April 30th, 2020:

“And all the Arts of Life they changed into the Arts of Death in Albion.”
-William Blake

One night last November, as I was returning from an evening run around my neighborhood, I was struck by this building (pictured at right), up on the hill, just a few blocks east of our home. I stood there on the path, gazing up at it as the street lamps turned on and the last bits of diffused sunlight faded, and felt myself overcome by a need to address this structure somehow. After short deliberation, I chose to recite William Blake’s Jerusalem at it. As I did so, I found myself moved to tears, literally gasping from the intensity of sorrow, and still standing there on the path, I wrote the following down in my notepad. This missive sat there until just recently, when I revisited it with the intention of fleshing it out into a larger essay, but upon re-reading, I felt it was actually sufficiently lucid as-is, and in the interest of exercising a rare brevity, I’m putting it up here unedited.

“The pop cultural obsession with zombies and the undead, taking prominence over the last decade or so, reveals itself to be an impossible-to-integrate fear of the past, the idea that the horrors that have brought us all here are too much to bear, too much to assimilate, too horrific to feel ok about, and that they can’t possibly be resting ‘back there’, they must instead be lurching inexorably towards us in the present. This fear invalidates the ‘ok-ness’ of our current existence, built as it is from the carnage of the past - from the holocaust, from Hiroshima, from the gulags, from the abattoir, from the Satanic mills of a not-so-green Albion. Every rape that has produced a child, every war that brought peace, all of it bears down on what we feel to be an impossibly fragile present, reminding us of our own complicity in our ancestors’ demise. We are the strange fruit borne on the hanging tree of history - we see the past as a horde of zombies trudging through the muck of time towards us, as we cower in what we feel to be the diminishing light of our last rogue campfire. That they want not just to devour us whole, but that, in the purplest lore, they specifically hunger after our brains, indicates that what we fear most is not our own demise, but rather the loss of knowledge, for the accumulation of knowledge is seen as the true justification of this fraught past we seek to outrun.”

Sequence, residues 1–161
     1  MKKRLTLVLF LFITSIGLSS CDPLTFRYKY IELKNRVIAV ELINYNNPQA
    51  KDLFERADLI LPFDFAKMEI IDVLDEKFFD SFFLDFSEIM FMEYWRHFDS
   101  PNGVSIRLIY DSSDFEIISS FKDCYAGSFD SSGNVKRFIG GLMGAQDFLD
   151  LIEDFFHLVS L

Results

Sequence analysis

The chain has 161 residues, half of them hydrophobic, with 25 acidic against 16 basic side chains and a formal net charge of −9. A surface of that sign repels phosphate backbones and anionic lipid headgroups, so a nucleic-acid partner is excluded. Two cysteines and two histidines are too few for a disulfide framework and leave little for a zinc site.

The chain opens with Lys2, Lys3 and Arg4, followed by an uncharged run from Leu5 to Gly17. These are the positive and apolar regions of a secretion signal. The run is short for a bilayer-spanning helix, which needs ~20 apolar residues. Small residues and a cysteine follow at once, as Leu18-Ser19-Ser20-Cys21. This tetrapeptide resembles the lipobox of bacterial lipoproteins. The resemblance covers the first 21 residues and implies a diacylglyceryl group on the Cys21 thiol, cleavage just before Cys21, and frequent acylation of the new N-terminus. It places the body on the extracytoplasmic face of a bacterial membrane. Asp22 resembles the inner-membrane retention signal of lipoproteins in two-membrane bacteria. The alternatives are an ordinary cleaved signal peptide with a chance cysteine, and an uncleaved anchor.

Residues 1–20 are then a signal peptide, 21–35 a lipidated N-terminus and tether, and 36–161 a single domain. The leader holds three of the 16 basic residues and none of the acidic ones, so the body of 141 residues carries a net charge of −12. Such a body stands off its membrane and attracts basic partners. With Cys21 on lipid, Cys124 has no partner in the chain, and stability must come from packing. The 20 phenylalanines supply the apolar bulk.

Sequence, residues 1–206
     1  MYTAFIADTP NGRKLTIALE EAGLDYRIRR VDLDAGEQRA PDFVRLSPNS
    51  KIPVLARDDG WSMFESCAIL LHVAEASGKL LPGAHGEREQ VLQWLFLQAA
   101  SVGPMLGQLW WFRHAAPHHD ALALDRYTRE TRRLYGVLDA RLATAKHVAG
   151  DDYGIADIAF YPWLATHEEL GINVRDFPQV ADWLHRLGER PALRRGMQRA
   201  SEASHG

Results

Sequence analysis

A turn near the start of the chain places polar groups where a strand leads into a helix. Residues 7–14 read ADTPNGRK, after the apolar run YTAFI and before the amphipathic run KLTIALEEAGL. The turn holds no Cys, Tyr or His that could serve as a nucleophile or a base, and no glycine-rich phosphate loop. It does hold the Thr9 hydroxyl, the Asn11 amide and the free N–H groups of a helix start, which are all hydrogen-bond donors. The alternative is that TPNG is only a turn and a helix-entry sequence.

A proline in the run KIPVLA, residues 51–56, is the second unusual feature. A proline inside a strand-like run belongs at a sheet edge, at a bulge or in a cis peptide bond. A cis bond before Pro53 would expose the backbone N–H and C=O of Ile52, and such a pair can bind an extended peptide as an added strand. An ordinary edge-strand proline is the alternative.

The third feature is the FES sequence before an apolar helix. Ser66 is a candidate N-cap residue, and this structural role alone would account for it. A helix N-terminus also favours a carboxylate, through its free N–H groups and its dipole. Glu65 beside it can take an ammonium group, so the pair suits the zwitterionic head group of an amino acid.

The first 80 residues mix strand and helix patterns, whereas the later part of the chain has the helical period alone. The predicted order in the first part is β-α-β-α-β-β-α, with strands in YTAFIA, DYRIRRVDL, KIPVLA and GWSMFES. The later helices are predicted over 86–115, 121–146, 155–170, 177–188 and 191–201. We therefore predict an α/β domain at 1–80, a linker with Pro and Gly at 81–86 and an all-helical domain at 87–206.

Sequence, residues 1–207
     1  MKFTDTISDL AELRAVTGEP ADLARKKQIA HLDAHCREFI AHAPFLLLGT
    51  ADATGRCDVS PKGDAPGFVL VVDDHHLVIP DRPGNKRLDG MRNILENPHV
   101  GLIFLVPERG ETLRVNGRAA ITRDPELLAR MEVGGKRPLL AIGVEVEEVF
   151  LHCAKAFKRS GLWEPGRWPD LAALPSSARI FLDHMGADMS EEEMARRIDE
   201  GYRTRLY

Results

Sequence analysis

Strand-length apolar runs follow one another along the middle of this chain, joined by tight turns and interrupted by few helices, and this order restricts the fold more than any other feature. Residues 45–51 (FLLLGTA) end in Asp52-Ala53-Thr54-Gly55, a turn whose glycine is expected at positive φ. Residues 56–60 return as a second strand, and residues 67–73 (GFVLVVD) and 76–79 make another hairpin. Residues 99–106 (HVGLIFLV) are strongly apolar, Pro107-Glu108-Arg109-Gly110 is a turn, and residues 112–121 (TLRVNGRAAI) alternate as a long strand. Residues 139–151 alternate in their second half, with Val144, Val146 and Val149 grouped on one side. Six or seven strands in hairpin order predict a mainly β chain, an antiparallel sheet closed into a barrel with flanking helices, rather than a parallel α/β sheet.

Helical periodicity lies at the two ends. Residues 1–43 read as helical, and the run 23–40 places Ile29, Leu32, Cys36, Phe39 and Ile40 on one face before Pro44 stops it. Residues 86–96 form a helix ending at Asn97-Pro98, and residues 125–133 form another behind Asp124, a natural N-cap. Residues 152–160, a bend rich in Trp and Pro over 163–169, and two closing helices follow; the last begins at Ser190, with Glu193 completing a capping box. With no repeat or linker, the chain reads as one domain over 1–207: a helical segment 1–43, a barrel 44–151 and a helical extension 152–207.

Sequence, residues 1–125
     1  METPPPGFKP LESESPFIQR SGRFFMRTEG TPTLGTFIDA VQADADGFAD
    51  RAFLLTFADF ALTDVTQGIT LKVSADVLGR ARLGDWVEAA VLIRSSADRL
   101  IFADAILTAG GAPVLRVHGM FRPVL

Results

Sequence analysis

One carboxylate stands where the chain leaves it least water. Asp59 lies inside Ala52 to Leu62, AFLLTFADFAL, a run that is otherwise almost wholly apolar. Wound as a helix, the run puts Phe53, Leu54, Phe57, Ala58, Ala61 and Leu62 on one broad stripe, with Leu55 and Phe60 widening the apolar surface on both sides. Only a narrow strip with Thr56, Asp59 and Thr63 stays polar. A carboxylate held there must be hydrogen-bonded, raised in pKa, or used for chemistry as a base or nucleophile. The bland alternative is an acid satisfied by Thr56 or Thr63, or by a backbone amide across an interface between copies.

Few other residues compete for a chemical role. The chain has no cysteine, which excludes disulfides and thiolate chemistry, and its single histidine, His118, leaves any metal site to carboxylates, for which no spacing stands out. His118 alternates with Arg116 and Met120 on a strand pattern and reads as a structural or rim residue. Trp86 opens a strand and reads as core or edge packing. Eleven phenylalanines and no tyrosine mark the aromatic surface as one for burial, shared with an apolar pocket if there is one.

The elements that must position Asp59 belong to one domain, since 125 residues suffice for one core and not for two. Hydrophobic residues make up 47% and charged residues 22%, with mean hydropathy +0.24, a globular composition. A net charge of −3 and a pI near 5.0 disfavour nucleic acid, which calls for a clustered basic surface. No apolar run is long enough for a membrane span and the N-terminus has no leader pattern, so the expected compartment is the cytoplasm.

Months later, I walked over to the building itself, never before having stood directly in front of it, and discovered that it’s a retirement / assisted-living facility. I’d always assumed it was just an apartment building, albeit a bit out of place in a single-family-home neighborhood, but finding out that it is, in fact, a place where the elderly and infirm begin their exit from this world, seems to cast a new light on the writing I did that November evening. In my mind, at least, homes like this are usually where the...overwhelmed...stick their parents once they’ve become a bit too much to deal with on their own. I’m aware that that’s perhaps a bit harsh, but it seems disingenuous to say that that’s not the general consensus on what these places are for, right or wrong. With that in mind, if we read this building as being the material manifestation of that storehouse of the past, of all those old things we don’t have the time, strength or understanding to deal with anymore, then the impressions I felt upon gazing up at it last fall seem to make quite a bit of sense. It would seem that building had something to tell me, that I was open to hearing what it had to say, and that the message came through with remarkable clarity.

Funny how secrets travel...I start to believe...
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